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Researchers have found that recurrent rates for mesothelioma can vary widely, with some studies finding recurrence rates after treatment ranging from 10 – 72%. Even patients diagnosed in the earlier stages and who are able to undergo aggressive multimodal treatment have been found to experience recurrence. Because of the rather high likelihood of the cancer recurring, a heavy focus of mesothelioma research is finding optimal second- and third-line treatments for patients who have previously been treated and either experience recurrence or their cancer is unresponsive.
One of the latest clinical trials expected to begin soon at Memorial Sloan Kettering Cancer Center is aiming to test the latest immunotherapy drug, a vaccine called galinpepimut-S (sometimes referred to as the GPS vaccine), in combination with another immunotherapy drug, nivolumab, both of which have shown promising results in extending life expectancies in previous studies.
How the Galinpepimut-S Vaccine Works
The galinpepimut-S vaccine, or GPS vaccine, is noted for targeting the WT1 protein, also known as Wilms tumor-1. In normal, healthy tissues, humans generally express WT1 protein in limited amounts. Over the years, researchers have found that people with mesothelioma and a few other types of cancer generally overexpress the protein. As such, the protein is considered an optimal target for a cancer vaccine.
Cancer vaccines are a type of immunotherapy that elicit an immune system response by targeting a specific protein in the patient. Researchers have been working to make personalized cancer vaccines, as well, which are unique treatments for individual patients based on the idea that each person’s tumors have their own unique genetic makeup. All types of immunotherapy, including cancer vaccines, have been a large focus of cancer research overall, including for mesothelioma.
The GPS vaccine was created by enhancing the immunogenic effects of the WT1 protein by adding four synthetic peptides (molecules that can play a key role in cell activities and are smaller than proteins). In doing so, researchers noted the effect created stability, motivated T cell recognition, and caused immune cells to react against the native WT1. Overall, their pre-development work showed that WT1 could effectively be used as a cancer vaccine in this combination, with pilot studies showing a high immune response rate among patients.
The upcoming clinical trial will utilize the GPS vaccine with nivolumab (Opdivo®), a PD-1 checkpoint inhibitor. Checkpoint inhibitors work by targeting specific proteins in the cancer cells, like PD-L1, to promote an immune response and stop mesothelioma metastasis. Researchers involved in the new study plan to apply the galinpepimut-S vaccine and nivolumab simultaneously with the belief that nivolumab will enhance the efficacy of GPS by further promoting the immune system’s attack of WT1.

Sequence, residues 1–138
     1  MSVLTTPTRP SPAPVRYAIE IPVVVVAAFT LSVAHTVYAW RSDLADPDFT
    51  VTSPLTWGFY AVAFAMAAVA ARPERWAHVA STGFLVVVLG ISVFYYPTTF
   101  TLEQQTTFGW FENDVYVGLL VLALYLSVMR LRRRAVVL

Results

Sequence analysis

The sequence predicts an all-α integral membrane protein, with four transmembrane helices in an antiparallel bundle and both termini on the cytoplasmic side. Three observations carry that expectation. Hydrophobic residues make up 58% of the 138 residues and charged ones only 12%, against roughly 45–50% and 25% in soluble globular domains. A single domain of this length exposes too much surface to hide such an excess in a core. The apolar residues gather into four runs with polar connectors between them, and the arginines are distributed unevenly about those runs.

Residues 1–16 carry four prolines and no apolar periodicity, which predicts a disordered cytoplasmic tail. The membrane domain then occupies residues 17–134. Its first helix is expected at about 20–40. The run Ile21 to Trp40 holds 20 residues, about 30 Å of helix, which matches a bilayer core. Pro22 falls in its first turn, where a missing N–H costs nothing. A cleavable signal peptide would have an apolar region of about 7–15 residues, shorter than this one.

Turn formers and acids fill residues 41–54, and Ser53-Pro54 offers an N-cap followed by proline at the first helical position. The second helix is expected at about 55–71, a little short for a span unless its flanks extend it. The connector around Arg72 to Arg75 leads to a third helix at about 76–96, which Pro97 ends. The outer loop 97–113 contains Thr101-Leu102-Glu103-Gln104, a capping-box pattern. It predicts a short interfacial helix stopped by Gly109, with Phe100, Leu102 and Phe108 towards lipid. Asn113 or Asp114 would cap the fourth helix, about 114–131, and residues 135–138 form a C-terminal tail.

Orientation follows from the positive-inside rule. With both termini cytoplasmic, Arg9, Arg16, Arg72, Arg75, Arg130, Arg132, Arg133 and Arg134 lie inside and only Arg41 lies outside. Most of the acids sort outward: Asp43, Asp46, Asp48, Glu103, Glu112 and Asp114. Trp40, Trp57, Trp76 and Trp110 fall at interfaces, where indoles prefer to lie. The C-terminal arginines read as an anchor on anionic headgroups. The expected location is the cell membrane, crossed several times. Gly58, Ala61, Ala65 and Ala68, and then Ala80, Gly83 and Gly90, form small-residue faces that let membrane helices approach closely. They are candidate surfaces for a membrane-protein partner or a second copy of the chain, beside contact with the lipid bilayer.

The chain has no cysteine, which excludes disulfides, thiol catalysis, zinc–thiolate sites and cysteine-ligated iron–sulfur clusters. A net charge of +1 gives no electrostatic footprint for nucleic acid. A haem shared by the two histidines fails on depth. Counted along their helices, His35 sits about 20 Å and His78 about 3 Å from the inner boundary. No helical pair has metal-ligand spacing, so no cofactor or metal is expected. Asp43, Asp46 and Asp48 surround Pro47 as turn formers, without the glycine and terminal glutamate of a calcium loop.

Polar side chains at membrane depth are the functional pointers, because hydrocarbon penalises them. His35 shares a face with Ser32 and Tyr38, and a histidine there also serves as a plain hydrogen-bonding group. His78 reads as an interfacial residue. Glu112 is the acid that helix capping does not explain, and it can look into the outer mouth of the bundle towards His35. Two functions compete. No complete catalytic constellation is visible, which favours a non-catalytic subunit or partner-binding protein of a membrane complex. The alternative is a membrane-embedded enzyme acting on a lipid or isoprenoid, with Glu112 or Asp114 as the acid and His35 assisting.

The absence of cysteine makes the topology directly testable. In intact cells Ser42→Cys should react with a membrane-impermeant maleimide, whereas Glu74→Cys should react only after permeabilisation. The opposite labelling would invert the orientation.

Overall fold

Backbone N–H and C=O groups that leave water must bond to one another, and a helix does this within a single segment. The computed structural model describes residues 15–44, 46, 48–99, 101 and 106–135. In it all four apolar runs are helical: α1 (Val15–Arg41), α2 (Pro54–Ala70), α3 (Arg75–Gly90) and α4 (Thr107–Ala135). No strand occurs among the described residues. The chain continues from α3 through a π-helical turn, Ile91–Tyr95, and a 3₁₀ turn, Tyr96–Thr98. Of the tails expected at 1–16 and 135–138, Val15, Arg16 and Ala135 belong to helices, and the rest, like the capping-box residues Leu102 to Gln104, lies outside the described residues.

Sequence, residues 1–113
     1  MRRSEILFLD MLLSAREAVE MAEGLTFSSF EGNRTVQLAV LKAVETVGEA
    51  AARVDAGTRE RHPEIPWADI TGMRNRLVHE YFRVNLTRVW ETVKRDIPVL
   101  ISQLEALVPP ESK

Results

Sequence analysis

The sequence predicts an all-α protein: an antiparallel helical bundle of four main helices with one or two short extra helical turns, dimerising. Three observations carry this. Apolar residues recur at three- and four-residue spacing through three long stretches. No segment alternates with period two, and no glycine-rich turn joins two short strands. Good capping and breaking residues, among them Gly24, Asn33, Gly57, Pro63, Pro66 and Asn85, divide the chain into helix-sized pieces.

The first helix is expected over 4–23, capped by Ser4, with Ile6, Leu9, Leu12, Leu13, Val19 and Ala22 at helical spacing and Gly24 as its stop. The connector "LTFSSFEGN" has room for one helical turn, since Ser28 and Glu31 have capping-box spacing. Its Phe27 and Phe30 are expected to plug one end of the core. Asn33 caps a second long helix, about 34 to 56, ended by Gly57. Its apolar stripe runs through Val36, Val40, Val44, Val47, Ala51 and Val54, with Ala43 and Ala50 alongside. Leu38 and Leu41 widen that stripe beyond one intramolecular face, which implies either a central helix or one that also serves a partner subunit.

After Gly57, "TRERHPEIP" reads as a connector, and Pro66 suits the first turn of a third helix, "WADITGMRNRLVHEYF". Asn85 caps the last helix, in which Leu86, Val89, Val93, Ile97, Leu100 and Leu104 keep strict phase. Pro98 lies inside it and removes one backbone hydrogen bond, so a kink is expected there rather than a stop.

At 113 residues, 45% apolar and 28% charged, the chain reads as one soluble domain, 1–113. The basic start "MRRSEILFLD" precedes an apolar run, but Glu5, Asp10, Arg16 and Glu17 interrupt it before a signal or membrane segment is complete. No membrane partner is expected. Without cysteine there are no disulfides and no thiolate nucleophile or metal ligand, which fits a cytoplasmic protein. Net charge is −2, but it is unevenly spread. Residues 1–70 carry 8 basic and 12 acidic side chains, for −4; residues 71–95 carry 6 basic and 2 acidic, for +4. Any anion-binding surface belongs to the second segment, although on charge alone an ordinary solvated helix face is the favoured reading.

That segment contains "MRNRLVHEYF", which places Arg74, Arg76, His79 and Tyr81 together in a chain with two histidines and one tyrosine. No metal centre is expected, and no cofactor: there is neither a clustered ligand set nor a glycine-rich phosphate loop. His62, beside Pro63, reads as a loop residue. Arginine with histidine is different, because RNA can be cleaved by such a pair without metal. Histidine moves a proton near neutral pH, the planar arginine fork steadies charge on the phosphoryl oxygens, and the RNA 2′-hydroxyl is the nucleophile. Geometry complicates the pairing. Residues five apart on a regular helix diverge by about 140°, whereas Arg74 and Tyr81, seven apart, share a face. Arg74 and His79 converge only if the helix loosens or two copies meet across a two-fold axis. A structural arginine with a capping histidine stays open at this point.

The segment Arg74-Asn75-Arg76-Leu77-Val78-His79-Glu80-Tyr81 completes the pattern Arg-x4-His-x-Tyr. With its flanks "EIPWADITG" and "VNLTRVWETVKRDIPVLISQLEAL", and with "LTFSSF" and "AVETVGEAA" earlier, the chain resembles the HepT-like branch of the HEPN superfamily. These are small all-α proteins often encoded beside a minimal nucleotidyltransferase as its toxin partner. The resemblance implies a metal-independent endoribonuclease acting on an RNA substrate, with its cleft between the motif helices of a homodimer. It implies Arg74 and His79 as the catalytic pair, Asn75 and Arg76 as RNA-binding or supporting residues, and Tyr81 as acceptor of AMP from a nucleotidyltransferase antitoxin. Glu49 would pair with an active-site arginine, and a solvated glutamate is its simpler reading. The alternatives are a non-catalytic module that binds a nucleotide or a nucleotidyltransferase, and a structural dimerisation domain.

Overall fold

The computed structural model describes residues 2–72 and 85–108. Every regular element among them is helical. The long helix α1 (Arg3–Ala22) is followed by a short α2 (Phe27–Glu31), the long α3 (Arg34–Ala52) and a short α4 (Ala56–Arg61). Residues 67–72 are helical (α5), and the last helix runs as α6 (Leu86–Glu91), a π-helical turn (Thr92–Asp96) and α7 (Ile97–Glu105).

Previous Successes with GPS Vaccine and Nivolumab
Mesothelioma researchers are hopeful for this upcoming clinical trial because of the past success both the GPS vaccine and nivolumab have shown separately in other previous studies.
The most recent GPS vaccine clinical trial was published in 2017 after testing 41 pleural mesothelioma patients between May 2011 and August 2015. The study included mostly patients with epithelioid mesothelioma, though 5% of patients were diagnosed with biphasic mesothelioma or mixed cells. Because of the requirements for WT1 expression, sarcomatoid mesothelioma patients were not eligible for the study.
The galinpepimut-S vaccine was tested as a second-line treatment for patients who had previously undergone mesothelioma surgery, whether an extrapleural pneumonectomy or a type of pleurectomy/decortication, followed by chemotherapy. Some patients also underwent intensity modulated pleural radiotherapy or other types of radiation. On average, about 61 days after these treatments, the GPS vaccine was administered six times every 14 days. The study found that the treatment could be well tolerated, with minimal side effects like nausea.
Researchers found progression-free survival of one year was 33% among patients who didn’t receive the vaccine, and 45% in patients treated with GPS. Median overall survival was 22.8 months for patients administered the vaccine versus 18.3 months for the controlled group who did not receive the vaccine.
Nivolumab, or Opdivo, has also seen promising results in a variety of clinical trials, particularly for recurrent or unresponsive mesothelioma. In some of the recent studies, Opdivo has been tested alone and with another immunotherapy drug ipilimumab for previously treated pleural mesothelioma. The studies found that 50 – 68% of the patients achieved controlled disease with the combination treatment after previously undergoing chemotherapy.
Researchers are optimistic that the upcoming clinical trial will further improve the results found in these and other studies testing the immunotherapy drugs. Finding effective second- and third-line treatments for mesothelioma is imperative to combating the poor prognosis and high rates of recurrence.